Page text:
A Probabilistic Characterization of Allocation Performance in a Worker-Constrained Job Shop

  • Benjamin J. LoboEmail author
  • T. J. Thoney
  • Russell E. King
  • James R. Wilson
Part of the International Series in Operations Research & Management Science book series (ISOR, volume 200)


We analyze a dual resource constrained (DRC) job shop in which both machines and workers are limited, and we seek to minimize L max, the maximum job lateness. An allocation of workers to machine groups is required to generate a schedule, and determining a schedule that minimizes L max is NP-hard. This chapter details a probabilistic method for evaluating the quality of a specific (but arbitrary) allocation in a given DRC job shop scheduling problem based on two recent articles by Lobo et al. (2013a) The first article Lobo et al. (2013b) describes a lower bound on L max given an allocation, and an algorithm to find an allocation yielding the smallest such lower bound, while the second article Lobo et al. (2013b) establishes criteria for verifying the optimality of an allocation. For situations where the optimality criteria are not satisfied, Lobo et al. (2013c) presents HSP, a heuristic search procedure to find allocations enabling the Virtual Factory (a heuristic scheduler developed by Hodgson et al. in 1998) to generate schedules with smaller L max than can be achieved with allocations yielding article 1’s final lower bound. From simulation replications of the given DRC job shop scheduling problem, we estimate the distribution of the difference between (a) the “best” (smallest) L max value achievable with a Virtual Factory–generated schedule, taken over all feasible allocations; and (b) the final lower bound of Lobo et al. (2013b). To evaluate the quality of a specific allocation for the given problem, we compute the difference between L max for the Virtual Factory–generated schedule based on the specific allocation, and the associated lower bound (b) for the problem; then we refer this difference to the estimated distribution to judge the likelihood that the specific allocation yields the Virtual Factory’s “best” schedule (a) for the given problem. We present several examples illustrating the usefulness of our approach, and summarize the lessons learned in this work.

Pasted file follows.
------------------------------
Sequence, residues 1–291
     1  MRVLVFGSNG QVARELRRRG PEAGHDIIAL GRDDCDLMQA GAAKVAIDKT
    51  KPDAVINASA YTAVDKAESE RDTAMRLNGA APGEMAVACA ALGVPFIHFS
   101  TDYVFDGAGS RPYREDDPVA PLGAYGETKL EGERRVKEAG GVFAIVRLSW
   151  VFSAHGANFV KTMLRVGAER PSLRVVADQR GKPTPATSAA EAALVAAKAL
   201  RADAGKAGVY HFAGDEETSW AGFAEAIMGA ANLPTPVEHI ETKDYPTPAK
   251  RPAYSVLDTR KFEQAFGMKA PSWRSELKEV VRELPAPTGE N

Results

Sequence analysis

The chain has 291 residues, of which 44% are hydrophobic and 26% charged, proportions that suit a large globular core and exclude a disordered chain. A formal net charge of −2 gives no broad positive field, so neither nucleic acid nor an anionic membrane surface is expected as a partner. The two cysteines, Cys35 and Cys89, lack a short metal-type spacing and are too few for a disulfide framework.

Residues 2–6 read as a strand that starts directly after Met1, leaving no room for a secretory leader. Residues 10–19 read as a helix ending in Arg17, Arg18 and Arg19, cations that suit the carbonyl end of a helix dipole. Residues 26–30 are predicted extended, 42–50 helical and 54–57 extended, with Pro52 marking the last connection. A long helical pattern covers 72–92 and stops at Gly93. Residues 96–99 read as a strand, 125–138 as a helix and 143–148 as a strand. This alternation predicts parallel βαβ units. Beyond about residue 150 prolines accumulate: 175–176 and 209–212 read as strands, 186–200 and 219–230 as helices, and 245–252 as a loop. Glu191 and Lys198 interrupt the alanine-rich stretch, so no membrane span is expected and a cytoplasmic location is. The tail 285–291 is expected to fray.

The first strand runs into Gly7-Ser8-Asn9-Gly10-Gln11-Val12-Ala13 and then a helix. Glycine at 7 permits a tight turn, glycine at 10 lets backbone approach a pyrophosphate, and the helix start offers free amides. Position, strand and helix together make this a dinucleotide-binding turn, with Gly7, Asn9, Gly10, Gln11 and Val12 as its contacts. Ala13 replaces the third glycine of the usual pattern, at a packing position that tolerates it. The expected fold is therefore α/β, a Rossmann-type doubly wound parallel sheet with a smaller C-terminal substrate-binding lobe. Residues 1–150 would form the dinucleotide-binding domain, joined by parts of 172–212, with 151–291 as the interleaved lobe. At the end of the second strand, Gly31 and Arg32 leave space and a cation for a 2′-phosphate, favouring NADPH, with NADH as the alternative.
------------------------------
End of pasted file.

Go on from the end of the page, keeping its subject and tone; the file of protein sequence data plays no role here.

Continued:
Staffing Level Machine Group Lower Endpoint Simulation Replication Virtual Factory 
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Copyright information

© Springer Science+Business Media New York 2014

Authors and Affiliations

  • Benjamin J. Lobo
    • 1
    Email author
  • T. J. Thoney
    • 2
  • Russell E. King
    • 1
  • James R. Wilson
    • 1
  1. 1.Edward P. Fitts Department of Industrial and Systems EngineeringNorth Carolina State UniversityRaleighUSA
  2. 2.Department of Textile and Apparel, Technology and ManagementNorth Carolina State UniversityRaleighUSA

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